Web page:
The Election is Over – We Lost

Now on to November 3rd
by Sam Smith – Progressive Review, May 2004

The winner is a supporter of three of the worst government decisions of our time: the war in Iraq, the Patriot Act, and the Bush education law.

He is a Yale graduate and a member of a secret society of dubious values and influence. He is arrogant with the sense of self-entitlement of the fully privileged yet has done little in life to justify this self esteem. And he is a tenured and servile member of an establishment that has trashed the Constitution, badly weakened the economy, made us hated around the world, and effectively brought to the end of the First American Republic.

To be sure there will be a consolation runoff in which we get to decide who we would rather do battle against for the next four years. This choice of battleground is not an insignificant matter but neither is it what a democratic election is supposed to be about. It is more like a cancer patient choosing between surgery and chemotherapy. We don’t have to wait for Katherine Harris; this election has already been fixed.
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An Open Letter to Dr. Erhenreich

It’s Over Barb!

By CHRIS RANDOLPH, Counterpunch

How unfortunate that you have chosen to continue the pseudo-liberal smear campaign against Ralph Nader as both a candidate and man in the pages of that stalwart progressive publication The New York Times. I see you were given column space because Thomas Friedman has taken leave to write another awful book in praise of Mammon. I hope you understood the assignment was to write a column in your own words and not in Friedman’s by proxy; having seen the results I can’t tell which your aim was.

Having dutifully done the dirty work of right wing extremists under cover of a lefty rubric in America’s newspaper of record, I can only hope the next time they let you write something for the Op-Ed page you can squeeze in a word for the downtrodden.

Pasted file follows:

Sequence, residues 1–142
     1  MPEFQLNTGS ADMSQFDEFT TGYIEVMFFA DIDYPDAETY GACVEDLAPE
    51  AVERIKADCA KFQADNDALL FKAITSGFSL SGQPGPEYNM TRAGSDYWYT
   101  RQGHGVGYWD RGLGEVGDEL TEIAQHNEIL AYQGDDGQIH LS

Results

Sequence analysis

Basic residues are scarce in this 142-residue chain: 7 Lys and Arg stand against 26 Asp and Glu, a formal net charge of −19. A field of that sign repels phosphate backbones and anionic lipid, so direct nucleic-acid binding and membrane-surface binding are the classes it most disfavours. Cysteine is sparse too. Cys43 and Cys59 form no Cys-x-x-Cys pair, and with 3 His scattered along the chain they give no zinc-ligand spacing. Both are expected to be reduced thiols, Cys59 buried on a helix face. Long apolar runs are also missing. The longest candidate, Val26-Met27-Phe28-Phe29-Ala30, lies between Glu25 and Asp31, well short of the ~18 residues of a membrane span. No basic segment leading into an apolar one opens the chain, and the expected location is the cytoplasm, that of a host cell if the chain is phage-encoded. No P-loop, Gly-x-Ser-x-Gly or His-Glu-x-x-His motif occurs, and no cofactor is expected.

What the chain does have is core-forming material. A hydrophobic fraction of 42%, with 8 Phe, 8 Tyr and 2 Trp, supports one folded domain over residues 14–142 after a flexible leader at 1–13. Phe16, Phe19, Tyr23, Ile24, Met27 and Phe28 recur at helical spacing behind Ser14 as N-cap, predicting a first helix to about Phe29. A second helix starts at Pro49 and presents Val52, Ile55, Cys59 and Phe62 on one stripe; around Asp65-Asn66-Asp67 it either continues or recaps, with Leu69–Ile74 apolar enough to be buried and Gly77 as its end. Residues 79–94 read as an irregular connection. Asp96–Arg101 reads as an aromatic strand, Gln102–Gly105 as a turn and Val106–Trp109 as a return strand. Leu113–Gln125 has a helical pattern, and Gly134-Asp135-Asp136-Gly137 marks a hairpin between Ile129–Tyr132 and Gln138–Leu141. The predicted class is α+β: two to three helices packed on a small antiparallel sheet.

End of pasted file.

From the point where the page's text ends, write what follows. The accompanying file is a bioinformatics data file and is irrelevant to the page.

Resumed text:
How unfortunate also that Nader decided to run for president without consulting you first. If it makes you feel any better, he didn’t consult me either, and I also voted for him in 2000. In looking over the US Constitution, it appears he isn’t actually required to ask permission from either of us.
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Silent Partners: How political non-profits work the system

Center for Public Intergrety

By Derek Willis and Aron Pilhofer

WASHINGTON, September 25, 2003 — It was the morning of November 6, 2002, the day after Democrats had lost control of the U.S. Senate, lost ground in the U.S. House of Representatives and were soundly beaten in several key gubernatorial races.

The man at the top of the party, Democratic National Committee Chairman Terry McAuliffe, had some explaining to do. Standing before the gathered media in Washington, D.C., he returned to a longtime Democratic lament: Republicans simply had more money.

Fundraising figures reported to the Federal Election Commission seemed to suggest he was right. The Republican Party raised slightly more than $691 million in the 2002 election, about $228 million more than the Democrats.

The GOP “had tens of millions of dollars of special interest money on their side,” McAuliffe told the assembled reporters, and that had tipped a number of races in their favor.

In fact, the disparity was not nearly as lopsided as McAuliffe suggested. As a new Center for Public Integrity analysis shows, Democrats and their allies funneled hundreds of millions of dollars through backdoor committees designed to influence key elections. In the 2002 race, the Democratic Party’s silent partners spent more than $185 million—more than double the money spent by Republican organizations.
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The Little Engine That Couldn’t

Kucinich Surrenders on Anti-War Plank

By RON JACOBS, Counterpunch